"To some extent it's understandable where they started, but after that … the evidence did not suggest that [the teens] were involved," McMahon told The Root. "When you put the video statements up against each other and they are completely contradictory, none of them match in terms of the facts of the crime, and they're missing so many details. You wonder why they didn't begin anew, and maybe it was a kind of pressure to get these guys."
The case fanned racial tensions in an already divided city. A younger, heavier Al Sharpton can be seen in the film leading protests. Burns says thatwhile the scene may be from 1989, things are not so different now. "Trayvon Martin is an excellent example of that," she said. "These underlying problems that lead to all these situations are the suspicions about and assumptions that people make about minorities, particularly black and Latino teenage boys. That's the same thing we see then and now."
Salaam knows this firsthand. He was the only one of the five who did not sign a written confession or make a videotaped admission. That was because his mother showed up at the New York police precinct where he was being detained and stopped the interrogation. It was the false confessions of his co-defendants that put him in prison, but he does not blame them.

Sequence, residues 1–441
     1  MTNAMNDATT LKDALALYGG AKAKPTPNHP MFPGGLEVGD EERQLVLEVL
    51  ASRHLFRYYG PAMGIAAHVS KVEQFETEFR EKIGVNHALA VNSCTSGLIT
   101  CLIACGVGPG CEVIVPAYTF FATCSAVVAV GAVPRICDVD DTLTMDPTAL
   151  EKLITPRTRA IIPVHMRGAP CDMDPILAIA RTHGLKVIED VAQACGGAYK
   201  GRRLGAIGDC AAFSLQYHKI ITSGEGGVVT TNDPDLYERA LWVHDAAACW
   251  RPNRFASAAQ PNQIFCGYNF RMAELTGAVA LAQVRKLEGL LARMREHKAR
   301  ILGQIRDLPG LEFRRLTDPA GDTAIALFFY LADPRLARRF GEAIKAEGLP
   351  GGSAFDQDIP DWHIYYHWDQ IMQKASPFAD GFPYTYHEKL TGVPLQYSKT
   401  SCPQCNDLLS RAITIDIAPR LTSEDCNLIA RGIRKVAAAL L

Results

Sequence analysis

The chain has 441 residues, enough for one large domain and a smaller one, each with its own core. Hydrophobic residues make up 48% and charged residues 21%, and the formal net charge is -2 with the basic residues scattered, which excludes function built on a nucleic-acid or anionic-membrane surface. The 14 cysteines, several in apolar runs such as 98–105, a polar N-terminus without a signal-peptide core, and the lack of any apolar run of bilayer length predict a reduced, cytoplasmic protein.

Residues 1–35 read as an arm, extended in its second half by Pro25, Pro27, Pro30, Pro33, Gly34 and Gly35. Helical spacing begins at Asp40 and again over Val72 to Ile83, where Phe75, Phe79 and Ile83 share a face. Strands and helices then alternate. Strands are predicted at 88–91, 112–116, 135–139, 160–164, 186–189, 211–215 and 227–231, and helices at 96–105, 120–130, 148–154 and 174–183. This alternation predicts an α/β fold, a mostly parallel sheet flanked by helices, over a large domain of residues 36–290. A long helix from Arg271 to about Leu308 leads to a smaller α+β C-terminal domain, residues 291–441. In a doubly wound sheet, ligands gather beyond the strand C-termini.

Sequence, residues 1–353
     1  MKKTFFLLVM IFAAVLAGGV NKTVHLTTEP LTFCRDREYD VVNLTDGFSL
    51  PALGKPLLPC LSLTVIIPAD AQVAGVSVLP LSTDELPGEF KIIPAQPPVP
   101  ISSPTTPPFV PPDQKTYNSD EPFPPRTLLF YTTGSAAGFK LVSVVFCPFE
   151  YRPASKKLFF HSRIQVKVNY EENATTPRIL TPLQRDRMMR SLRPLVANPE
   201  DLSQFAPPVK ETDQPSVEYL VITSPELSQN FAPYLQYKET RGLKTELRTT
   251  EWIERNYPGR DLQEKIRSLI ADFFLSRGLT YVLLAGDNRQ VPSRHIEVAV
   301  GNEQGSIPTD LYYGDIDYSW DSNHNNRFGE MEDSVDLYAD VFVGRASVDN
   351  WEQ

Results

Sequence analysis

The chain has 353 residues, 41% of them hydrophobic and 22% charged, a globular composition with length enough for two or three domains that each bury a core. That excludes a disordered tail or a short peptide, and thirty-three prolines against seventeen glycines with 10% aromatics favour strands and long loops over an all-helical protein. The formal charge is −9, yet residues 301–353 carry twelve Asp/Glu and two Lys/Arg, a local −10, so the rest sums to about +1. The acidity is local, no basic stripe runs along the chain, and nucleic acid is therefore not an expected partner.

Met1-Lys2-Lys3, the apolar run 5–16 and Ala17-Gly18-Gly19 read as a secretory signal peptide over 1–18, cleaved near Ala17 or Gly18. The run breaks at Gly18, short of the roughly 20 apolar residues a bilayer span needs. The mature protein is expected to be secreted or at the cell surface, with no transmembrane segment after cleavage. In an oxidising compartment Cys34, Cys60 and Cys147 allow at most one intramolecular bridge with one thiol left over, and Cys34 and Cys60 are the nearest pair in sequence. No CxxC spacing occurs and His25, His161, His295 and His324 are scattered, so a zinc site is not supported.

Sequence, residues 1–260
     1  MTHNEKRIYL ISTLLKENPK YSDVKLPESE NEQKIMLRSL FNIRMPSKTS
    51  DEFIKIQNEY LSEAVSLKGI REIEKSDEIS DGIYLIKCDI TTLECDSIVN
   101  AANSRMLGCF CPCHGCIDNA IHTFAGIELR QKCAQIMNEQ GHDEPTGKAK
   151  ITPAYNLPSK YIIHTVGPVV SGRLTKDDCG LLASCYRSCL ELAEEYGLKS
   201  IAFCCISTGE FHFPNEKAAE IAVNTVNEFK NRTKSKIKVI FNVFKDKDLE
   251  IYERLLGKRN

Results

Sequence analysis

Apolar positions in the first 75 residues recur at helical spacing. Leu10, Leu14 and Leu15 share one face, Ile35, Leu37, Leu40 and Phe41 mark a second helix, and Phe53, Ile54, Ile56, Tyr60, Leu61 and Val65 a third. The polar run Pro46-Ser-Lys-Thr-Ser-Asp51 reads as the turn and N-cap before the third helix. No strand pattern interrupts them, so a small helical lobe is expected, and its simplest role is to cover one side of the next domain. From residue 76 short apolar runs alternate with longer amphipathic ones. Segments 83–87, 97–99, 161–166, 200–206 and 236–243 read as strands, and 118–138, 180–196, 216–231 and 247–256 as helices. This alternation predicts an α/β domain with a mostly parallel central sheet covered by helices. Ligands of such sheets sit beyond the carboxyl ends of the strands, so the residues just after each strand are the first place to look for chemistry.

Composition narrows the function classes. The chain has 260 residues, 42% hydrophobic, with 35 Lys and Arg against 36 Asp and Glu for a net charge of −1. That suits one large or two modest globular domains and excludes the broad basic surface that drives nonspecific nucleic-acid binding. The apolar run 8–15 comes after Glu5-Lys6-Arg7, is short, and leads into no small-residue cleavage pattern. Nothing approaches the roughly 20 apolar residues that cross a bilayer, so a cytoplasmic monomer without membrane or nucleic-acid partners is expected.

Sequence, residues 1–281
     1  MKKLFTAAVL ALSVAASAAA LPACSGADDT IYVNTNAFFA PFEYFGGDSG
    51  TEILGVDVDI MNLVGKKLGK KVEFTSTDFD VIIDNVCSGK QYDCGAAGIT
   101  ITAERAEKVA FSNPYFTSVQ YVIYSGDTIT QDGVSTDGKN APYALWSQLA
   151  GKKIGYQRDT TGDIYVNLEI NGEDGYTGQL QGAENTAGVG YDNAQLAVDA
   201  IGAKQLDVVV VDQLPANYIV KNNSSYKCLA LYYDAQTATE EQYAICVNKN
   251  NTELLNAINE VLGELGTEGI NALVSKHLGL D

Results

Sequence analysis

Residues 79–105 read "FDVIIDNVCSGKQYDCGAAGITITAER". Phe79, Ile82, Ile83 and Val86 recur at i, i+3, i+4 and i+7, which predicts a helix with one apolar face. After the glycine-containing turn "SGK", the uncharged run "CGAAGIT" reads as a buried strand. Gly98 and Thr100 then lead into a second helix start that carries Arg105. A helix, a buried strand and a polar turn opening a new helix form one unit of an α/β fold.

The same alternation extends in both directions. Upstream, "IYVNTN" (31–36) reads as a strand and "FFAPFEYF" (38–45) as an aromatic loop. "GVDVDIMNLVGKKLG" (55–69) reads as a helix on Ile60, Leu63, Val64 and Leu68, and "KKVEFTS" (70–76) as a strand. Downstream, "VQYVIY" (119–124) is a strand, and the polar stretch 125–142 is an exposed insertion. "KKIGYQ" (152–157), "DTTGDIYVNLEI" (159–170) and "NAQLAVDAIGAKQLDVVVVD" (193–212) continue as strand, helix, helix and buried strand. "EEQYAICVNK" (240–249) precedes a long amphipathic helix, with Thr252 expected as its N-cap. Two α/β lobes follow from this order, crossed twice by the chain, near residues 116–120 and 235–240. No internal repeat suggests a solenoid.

"They were not really understanding what the whole thing was about. Some of them were tricked into believing that if you just say this, we'll let you go home," Salaam said. "Everybody came in there and maintained their innocence, up until the fact that they couldn't take it anymore and thought that it was easier to tell the lie so that they could get out of there and stop it than to continue on telling the truth."
The film lays out how these five teenagers confessed to and were convicted of a crime that they did not even witness, let alone participate in. "That was the big mystery to us," McMahon said.
While the film hints at probable civil rights violations, the movie makers do not consider themselves activists. Instead they say they are merely filmmakers who create the vehicle through which the audience can see the story. So far, Burns says, The Central Park Five has been well-received at screenings. "People are outraged, they're saddened, they're angry, they feel guilty," Burns said.
"There has not been a screening where someone does not get up and say, 'I just want to say that I believed reports in 1989 and assumed you were guilty and I am so sorry,' " McMahon said.